Karl William Koch was born in Williamsport, Pennsylvania, in the late spring of 1882-"Class of eighty-two," he liked to say-three years after his parents emigrated from Baden-WÃ?rttemberg, Germany. His father and my great grandfather, Charles Koch, settled the family in a burgeoning community of German immigrants who might have been reminded of their homeland when they looked out at the mountains beyond the Susquehanna River. Charles was one of fifteen or so Koches who had come to Williamsport from Germany since the beginning of the century. The trailblazer was August Koch, a successful builder who arrived in 1807 and later became one of Williamsport's most prominent citizens. He was one of the few successful men in the booming city who didn't make his fortune in the lumber industry. He and his brother operated a brewery. There was a lot of drinking to good times in Williamsport, which produced more lumber-350 million board feet a day at its peak-than any place in the world. Millionaires were coming out of the woodwork.
Charles Koch arrived with little but his willingness to reinvent himself in a land full of promise. He started as a laborer in a sawmill. He ended there, too. At half-past eleven on the morning of May 2, 1884, a fire broke out at Valentine Luppert's Saw Mill, next to the Luppert & Kline furniture factory on the south side of town. "The fire started in some wood rubbish between the mill and the river," reported the evening edition of the Sun-Gazette. "How the fire got there is a mystery to some; to others it is not, as it is quite probable that a spark from one of the smoke stacks or a locomotive lodged there and was fanned into a flame by the high wind prevailing. In a few minutes the fire had rushed up to the mill-there being so much inflammable material for it to work upon-and soon that structure was one sheet of flame from front to rear, its destruction being complete. At this writing, it may be said that the rolling mill and furniture factory are not out of danger, as a very large lot of lumber between the saw mill and furniture factory is on fire, and the wind furious." There were two casualties so far, the newspaper said. One employee was burned on his hands and face. The other got his belt caught while he was trying to flee and was cut badly by a flying piece of shattered blade. He was Charles Koch. His youngest child, Karl, was two years old when he died.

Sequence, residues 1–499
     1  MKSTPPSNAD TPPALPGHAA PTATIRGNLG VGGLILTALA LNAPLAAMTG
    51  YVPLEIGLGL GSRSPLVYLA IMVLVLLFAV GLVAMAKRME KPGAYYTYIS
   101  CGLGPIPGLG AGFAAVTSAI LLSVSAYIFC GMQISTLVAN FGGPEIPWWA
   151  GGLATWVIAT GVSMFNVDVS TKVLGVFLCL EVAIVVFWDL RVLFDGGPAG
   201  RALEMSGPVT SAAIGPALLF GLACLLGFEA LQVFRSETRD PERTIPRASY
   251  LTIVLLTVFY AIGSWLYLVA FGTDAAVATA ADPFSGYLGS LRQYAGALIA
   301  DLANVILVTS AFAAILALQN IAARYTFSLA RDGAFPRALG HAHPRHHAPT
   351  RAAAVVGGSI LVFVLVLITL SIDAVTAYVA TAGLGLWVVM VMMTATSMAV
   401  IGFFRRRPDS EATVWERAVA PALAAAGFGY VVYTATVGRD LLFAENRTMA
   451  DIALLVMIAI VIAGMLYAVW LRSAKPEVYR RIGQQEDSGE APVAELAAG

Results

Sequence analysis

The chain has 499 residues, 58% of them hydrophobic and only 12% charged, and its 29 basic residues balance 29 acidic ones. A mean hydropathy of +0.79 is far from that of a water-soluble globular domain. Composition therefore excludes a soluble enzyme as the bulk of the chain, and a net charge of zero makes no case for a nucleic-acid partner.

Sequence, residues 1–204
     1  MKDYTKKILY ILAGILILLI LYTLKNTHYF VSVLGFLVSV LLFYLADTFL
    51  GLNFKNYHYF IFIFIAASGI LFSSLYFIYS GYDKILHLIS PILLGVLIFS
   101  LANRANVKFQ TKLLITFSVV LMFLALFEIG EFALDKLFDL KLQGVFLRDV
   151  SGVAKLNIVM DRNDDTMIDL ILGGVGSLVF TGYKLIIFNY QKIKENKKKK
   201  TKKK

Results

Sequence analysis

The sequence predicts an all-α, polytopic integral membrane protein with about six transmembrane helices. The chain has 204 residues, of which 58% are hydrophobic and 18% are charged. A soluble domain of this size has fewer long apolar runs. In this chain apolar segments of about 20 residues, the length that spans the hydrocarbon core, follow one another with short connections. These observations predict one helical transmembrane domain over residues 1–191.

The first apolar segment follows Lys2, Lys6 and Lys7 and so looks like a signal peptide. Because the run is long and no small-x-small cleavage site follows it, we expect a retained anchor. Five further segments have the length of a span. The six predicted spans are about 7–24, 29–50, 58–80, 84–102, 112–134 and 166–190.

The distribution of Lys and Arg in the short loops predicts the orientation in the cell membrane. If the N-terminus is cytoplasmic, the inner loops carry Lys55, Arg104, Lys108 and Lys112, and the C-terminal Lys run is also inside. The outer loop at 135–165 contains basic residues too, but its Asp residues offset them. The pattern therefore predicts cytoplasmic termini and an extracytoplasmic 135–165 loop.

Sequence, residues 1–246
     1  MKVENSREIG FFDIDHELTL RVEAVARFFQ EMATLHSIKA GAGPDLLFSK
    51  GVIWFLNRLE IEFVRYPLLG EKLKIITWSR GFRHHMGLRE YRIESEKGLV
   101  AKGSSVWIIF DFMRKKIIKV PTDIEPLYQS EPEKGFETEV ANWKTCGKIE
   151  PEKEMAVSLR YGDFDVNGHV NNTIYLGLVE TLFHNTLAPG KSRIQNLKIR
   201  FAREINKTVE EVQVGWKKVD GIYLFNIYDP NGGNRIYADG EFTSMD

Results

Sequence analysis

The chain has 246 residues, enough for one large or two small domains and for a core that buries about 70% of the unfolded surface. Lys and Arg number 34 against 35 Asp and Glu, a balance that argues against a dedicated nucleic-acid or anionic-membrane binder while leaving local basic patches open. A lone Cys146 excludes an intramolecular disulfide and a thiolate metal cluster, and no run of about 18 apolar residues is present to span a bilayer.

When he was a teenager, Grandpa hopped a freighter and got off just outside Pittsburgh, where there was a living wage to be found in ironwork, which had become the modern means of erecting buildings and bridges. It was suitable work for Grandpa, who had a strong pair of hands, an old-world work ethic, and a sense of adventure and fearlessness that were among the job requirements in a trade which often forced men to go both farther and higher than they had ever been.